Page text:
Tuesday 17 June 2008
Today's letter exchange between Bank of England Governor Mervyn King and Chancellor Alistair Darling is expected to mark the start of an extended correspondence as the cost of living surges.
Inflation, as the Governor warned in May, could stay above the 3 per cent letter-writing threshold for "several quarters" as record oil prices, higher food costs and dearer energy bills heap pressure on households.
Mr King has only been forced to write to the Chancellor once before. In March last year petrol, food, and an unexpectedly sharp rise in gas and electricity bills triggered a rise in the Consumer Prices Index (CPI) to 3.1 per cent and the first explanatory letter since the Bank's independence in 1997.
Then, the Governor could say the inflation spike was a short-term blip which would be eased as the price-cutting war among UK energy firms fed through to households - a point proved later in the year as CPI fell below the 2 per cent target.
But the problems now faced by policymakers are on a different order of magnitude little more than 12 months later in a global economy shaken by the credit crunch.
JP Morgan economist Malcolm Barr warned: "Inflation concerns are likely to intensify in the coming months.
"In the absence of a marked fall in global commodity prices, the period of high inflation and letter-writing from the MPC is likely to extend into the second quarter of 2009."
Between February and March last year the price of crude oil jumped around 25 per cent to about 64 US dollars. But oil is currently at more than double that price - threatening to push above 140 dollars and prompting some predictions that it could surge as high as 250 dollars.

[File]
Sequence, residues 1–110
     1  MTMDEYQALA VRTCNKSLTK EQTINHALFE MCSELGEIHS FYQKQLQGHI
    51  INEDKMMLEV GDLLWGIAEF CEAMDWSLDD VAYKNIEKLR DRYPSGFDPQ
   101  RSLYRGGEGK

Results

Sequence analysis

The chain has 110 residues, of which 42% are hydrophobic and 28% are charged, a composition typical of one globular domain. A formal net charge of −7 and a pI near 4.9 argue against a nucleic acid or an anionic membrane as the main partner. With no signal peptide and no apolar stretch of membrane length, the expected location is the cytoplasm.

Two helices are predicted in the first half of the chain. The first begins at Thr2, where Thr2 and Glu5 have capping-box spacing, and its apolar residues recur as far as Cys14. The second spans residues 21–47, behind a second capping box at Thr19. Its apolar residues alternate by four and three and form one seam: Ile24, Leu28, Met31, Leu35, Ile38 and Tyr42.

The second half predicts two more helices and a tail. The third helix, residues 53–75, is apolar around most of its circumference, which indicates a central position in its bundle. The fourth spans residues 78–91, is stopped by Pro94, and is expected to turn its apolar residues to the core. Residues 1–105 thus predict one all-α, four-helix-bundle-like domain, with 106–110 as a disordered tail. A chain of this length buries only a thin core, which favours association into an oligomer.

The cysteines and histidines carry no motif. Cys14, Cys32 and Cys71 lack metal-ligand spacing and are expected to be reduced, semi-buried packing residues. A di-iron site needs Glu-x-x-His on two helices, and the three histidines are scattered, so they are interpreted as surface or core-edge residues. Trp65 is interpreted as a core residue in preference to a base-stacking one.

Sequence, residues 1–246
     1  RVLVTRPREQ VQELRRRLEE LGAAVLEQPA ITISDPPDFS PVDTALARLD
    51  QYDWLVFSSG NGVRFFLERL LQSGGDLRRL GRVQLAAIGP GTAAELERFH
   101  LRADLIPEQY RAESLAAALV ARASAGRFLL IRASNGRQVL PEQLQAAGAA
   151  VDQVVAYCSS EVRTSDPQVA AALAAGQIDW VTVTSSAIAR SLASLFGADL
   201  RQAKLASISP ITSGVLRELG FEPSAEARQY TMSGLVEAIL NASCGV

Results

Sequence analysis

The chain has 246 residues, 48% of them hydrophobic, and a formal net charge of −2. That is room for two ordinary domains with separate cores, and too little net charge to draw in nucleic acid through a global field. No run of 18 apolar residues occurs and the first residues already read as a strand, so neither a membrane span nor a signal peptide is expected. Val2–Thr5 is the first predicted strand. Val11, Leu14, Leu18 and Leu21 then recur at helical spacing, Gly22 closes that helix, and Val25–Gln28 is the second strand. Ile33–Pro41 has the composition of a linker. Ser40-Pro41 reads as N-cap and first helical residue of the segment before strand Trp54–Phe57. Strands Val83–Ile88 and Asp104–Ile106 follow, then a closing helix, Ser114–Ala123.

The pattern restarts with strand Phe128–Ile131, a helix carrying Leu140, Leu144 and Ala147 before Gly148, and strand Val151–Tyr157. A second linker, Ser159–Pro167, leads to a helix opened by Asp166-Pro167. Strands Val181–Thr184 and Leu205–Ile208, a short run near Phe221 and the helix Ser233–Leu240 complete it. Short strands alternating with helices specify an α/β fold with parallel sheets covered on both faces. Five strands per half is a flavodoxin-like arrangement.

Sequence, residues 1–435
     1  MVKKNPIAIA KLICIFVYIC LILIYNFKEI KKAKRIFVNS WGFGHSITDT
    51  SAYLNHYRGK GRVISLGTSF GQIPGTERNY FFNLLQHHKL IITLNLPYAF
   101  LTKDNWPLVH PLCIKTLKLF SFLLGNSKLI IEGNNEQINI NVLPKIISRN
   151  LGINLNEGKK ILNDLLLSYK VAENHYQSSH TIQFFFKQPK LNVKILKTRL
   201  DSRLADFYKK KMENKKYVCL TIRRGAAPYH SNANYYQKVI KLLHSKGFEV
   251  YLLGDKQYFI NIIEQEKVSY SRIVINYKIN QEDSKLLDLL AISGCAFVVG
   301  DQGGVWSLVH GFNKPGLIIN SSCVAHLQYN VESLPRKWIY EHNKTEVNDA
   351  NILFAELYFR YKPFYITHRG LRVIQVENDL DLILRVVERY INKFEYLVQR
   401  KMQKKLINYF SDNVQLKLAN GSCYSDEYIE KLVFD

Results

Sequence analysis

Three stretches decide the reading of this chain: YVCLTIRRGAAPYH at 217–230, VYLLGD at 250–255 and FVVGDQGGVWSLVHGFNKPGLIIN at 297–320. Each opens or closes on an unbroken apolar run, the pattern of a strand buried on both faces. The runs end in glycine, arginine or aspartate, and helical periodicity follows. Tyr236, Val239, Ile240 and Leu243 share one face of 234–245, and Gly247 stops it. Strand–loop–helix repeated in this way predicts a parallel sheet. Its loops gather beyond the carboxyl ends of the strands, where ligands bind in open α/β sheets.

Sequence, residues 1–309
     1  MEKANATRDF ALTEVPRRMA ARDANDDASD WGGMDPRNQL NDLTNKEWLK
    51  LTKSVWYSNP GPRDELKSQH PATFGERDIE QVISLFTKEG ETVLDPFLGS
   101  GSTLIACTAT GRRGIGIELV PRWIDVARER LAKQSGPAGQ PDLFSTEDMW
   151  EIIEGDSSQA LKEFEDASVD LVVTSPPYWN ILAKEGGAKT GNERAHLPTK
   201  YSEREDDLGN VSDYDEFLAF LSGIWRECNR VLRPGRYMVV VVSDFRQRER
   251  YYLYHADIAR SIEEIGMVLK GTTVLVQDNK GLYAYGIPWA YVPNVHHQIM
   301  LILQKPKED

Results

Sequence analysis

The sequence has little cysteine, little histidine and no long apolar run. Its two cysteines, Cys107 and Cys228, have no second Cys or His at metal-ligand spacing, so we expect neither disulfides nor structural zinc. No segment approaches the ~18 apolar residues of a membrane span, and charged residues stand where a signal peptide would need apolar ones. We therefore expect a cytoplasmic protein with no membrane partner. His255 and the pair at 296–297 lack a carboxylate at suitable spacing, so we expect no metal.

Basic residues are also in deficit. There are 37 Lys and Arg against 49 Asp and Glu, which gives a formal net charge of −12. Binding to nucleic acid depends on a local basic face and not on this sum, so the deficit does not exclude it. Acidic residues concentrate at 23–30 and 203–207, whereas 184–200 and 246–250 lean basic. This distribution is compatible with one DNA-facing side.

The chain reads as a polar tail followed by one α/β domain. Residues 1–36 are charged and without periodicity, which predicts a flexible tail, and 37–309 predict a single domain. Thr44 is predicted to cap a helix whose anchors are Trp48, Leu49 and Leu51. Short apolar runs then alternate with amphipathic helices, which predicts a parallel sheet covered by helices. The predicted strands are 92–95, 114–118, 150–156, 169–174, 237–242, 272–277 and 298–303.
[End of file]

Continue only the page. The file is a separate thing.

This has left businesses creaking under the strain of input costs rising at a rate which seems to shatter new records every month, and being increasingly forced to pass on the rises to customers.
Mr King's "nice" decade of non-inflationary consistent expansion has turned decidedly nasty.
The commodity shock - not just oil, but metals and food products as well -
has been matched by global financial panic over the rash sub-prime lending of the boom years, putting a sharp brake on lending for firms and consumers alike. This has fed into a slowdown in the property market, hitting consumer confidence and dragging back economic growth.
With people now saving rather then spending as a result of the uncertain outlook, a rougher landing for the UK economy than expected by the Bank's Monetary Policy Committee (MPC) when it raised interest rates five times in the 11 months to July last year could be on the cards.
But minutes of the MPC's meetings have signalled the inflation target will remain paramount for the MPC. With CPI due to rise near 4 per cent later this year, borrowing costs are unlikely to come down any time soon to encourage economic growth.
A weakening pound has also added to inflationary pressure, while energy firms are hinting darkly about more price hikes to come after a round of rises in the first three months of the year.
The Bank's rate-setters were given another headache last week when its latest quarterly survey of inflation attitudes - which could feed into wage demands - showed the public considered the current rate of inflation 4.9 per cent and expected it to average 4.3 per cent over the coming year.
Some City pundits are pricing in the possibility of interest rate rises due to soaring CPI - a move which would dismay millions of homeowners and borrowers and risk plunging the UK headlong into recession.
Mr Barr does not rule out the move. He added: "We do not expect the MPC to tighten (rates) in response to its current inflation concerns, but with inflation expectations rising the possibility of a modest "signalling" move cannot be dismissed."
Minutes of the MPC's latest June meeting - when rates were held at 5 per cent - will also be studied closely for signals of a possible rate rise on Wednesday. The committee's unswerving mandate to keep a lid on pricing pressure could lead to some tough medicine ahead for the UK economy before slowing demand brings inflation back under control.